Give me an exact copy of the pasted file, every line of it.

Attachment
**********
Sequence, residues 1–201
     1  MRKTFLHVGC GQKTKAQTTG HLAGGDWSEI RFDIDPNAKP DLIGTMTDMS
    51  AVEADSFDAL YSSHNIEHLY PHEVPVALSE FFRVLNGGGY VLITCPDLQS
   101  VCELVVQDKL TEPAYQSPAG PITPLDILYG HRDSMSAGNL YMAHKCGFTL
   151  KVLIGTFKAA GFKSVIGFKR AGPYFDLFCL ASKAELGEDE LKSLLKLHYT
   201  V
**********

Sequence, residues 1–201
     1  MRKTFLHVGC GQKTKAQTTG HLAGGDWSEI RFDIDPNAKP DLIGTMTDMS
    51  AVEADSFDAL YSSHNIEHLY PHEVPVALSE FFRVLNGGGY VLITCPDLQS
   101  VCELVVQDKL TEPAYQSPAG PITPLDILYG HRDSMSAGNL YMAHKCGFTL
   151  KVLIGTFKAA GFKSVIGFKR AGPYFDLFCL ASKAELGEDE LKSLLKLHYT
   201  V